Quote Originally Posted by SIXTO View Post
    but it doesnt seem that this officer is acting under the proper intent or color of the law.
    "Just blame Sixto"

  7. #37
    VIP Member Array ccw9mm's Avatar
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    Quote Originally Posted by SIXTO View Post
    Once again, the video was of the actions... yes that is fine.
    It's hard to see how a video or recording can be other than the actions, unless it's strictly a zoomed-in view of the face of an LEO.
    Your best weapon is your brain. Don't leave home without it.
    Thoughts: Justifiable self defense (A.O.J.).
    Explain: How does disarming victims reduce the number of victims?
    Reason over Force: The Gun is Civilization (Marko Kloos).
    NRA, SAF, GOA, OFF, ACLDN.

  8. #38
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    Quote Originally Posted by ccw9mm View Post
    It's hard to see how a video or recording can be other than the actions, unless it's strictly a zoomed-in view of the face of an LEO.
    And thats the crux of the whole thing... a picture of an officer directing traffic at an accident scene is fine, the subject is the accident. A picture of me picking my nose in uniform posted on doper.com is not.
    "Just blame Sixto"

  9. #39
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    It sounds like, in many cases at least, the "subject" of the picture can't be determined until it's placed in context by publishing it in some form.

    The same video of a cop directing traffic at an accident whilst dislodging a bit of unexpected snout debris could be published on youtube as "horrific wreck in front of my house" or "traffic cop on mining expedition in booger canal". In the first case the subject is clearly the accident while in the second it's just as clearly ridiculing the officer with the blocked nasal passage.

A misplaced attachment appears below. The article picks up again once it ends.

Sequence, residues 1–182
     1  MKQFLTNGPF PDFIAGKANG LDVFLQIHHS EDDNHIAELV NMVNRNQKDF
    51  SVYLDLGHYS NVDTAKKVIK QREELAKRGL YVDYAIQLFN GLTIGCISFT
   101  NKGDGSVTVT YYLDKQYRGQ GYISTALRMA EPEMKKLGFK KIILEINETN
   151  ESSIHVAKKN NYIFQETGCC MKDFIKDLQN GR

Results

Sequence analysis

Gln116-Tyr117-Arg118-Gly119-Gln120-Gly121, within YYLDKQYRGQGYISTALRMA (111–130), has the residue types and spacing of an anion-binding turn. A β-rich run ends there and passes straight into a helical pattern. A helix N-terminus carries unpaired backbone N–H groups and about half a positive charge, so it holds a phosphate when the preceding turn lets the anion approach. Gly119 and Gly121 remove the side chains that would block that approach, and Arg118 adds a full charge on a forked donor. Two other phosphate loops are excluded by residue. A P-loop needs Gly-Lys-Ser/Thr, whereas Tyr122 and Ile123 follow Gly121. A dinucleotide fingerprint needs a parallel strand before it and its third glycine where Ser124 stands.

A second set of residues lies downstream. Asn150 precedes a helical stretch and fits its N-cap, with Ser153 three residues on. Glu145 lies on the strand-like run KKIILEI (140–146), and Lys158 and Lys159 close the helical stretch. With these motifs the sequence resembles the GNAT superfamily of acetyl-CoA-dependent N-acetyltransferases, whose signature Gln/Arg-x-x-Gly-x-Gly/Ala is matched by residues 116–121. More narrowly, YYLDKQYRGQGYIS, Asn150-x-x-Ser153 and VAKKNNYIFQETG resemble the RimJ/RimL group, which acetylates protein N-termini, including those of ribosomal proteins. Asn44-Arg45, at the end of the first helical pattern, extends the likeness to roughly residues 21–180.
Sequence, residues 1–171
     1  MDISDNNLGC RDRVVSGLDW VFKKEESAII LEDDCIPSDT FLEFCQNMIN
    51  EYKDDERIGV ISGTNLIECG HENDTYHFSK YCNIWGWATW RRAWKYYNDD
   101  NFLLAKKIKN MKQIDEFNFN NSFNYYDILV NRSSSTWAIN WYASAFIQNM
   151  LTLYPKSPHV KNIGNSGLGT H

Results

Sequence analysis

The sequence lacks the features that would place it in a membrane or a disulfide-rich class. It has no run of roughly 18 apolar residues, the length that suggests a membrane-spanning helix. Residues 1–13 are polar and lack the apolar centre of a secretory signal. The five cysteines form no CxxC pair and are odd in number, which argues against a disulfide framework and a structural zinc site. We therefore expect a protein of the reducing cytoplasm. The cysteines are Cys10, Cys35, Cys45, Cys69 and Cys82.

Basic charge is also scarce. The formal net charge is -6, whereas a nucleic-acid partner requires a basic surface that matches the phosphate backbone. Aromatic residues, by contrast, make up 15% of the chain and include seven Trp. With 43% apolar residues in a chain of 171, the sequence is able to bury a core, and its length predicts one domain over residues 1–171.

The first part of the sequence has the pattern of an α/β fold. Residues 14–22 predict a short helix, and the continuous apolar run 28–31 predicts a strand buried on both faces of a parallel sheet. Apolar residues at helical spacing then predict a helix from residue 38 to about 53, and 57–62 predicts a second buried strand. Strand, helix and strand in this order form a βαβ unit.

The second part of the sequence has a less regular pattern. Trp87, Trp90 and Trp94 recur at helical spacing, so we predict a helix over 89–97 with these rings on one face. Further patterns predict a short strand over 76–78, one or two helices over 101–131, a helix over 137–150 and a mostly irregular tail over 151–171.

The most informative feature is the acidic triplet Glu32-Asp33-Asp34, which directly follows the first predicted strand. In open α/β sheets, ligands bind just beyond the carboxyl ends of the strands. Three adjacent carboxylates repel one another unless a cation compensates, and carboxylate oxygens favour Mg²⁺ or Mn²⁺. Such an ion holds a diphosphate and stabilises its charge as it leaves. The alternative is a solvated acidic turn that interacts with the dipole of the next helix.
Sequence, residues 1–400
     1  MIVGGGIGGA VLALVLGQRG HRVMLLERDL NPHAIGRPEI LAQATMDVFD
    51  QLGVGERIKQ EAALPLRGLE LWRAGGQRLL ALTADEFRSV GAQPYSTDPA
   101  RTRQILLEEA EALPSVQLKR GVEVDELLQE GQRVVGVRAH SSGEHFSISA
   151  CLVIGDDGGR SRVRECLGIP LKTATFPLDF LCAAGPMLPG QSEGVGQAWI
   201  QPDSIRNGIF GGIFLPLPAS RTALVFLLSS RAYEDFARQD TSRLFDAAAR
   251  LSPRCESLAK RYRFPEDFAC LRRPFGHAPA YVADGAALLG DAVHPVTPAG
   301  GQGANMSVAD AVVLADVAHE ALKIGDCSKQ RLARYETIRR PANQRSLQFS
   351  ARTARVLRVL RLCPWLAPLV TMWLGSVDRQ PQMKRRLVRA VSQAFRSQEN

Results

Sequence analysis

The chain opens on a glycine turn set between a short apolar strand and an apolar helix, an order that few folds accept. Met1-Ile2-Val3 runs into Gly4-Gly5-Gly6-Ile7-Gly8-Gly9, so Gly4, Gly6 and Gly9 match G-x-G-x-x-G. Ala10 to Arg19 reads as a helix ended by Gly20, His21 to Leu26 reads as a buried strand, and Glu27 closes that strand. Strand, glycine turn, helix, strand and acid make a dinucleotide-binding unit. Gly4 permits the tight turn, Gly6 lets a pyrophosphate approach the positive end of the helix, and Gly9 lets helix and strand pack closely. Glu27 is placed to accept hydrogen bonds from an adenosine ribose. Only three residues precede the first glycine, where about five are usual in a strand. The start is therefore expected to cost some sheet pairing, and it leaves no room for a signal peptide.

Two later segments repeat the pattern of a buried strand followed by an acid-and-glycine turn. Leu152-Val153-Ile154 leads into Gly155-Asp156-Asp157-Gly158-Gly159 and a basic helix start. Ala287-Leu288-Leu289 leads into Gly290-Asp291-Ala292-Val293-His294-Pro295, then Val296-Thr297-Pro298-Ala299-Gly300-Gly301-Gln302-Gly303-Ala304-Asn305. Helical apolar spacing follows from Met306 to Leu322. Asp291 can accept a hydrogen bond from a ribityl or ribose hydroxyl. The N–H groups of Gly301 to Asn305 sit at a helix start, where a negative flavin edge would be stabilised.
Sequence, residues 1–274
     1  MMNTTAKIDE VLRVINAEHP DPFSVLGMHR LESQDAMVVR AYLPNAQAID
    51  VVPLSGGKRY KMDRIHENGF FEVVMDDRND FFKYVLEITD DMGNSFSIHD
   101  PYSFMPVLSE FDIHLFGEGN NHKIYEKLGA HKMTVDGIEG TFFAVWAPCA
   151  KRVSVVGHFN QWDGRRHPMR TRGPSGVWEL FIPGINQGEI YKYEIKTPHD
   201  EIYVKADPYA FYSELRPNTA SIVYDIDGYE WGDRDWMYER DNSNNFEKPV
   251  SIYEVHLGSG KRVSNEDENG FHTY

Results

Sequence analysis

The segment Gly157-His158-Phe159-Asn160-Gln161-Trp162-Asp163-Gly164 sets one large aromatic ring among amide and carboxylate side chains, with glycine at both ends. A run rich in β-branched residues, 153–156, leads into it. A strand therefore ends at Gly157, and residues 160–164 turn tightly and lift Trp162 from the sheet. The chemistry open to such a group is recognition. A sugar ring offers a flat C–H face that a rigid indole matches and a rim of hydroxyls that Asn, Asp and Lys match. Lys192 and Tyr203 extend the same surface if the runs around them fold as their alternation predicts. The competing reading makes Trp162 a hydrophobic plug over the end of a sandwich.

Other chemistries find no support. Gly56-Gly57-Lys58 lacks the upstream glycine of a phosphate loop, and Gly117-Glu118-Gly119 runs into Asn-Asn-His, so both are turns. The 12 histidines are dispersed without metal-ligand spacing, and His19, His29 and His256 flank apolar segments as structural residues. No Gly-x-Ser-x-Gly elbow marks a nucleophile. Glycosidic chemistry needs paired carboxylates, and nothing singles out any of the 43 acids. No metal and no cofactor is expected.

Now, what happens when the same video is posted to show the accident and no one has noticed Sixto... er... the unnamed officer with his finger in up to the second knuckle until someone points it out in comments and the gist of the publication turns from "look at the accident" to "make fun of the cop" - completely outside the control or intent of the creator/publisher of the video?

    Wow. This makes my brain hurt. Obviously, the way pictures and video are disseminated nowadays is going to have to change how we look at such things.

    Joe

  10. #40
    VIP Member Array ccw9mm's Avatar
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    Quote Originally Posted by SIXTO View Post
    here is the second and most important part of my first reply in this thread, just so we all understand where I'm coming from;
    Quote Originally Posted by SIXTO View Post
    ... but it doesnt seem that this officer is acting under the proper intent or color of the law.
    You're right. Apologies if the questions seemed inappropriate. We're in basic agreement.
    Your best weapon is your brain. Don't leave home without it.
    Thoughts: Justifiable self defense (A.O.J.).
    Explain: How does disarming victims reduce the number of victims?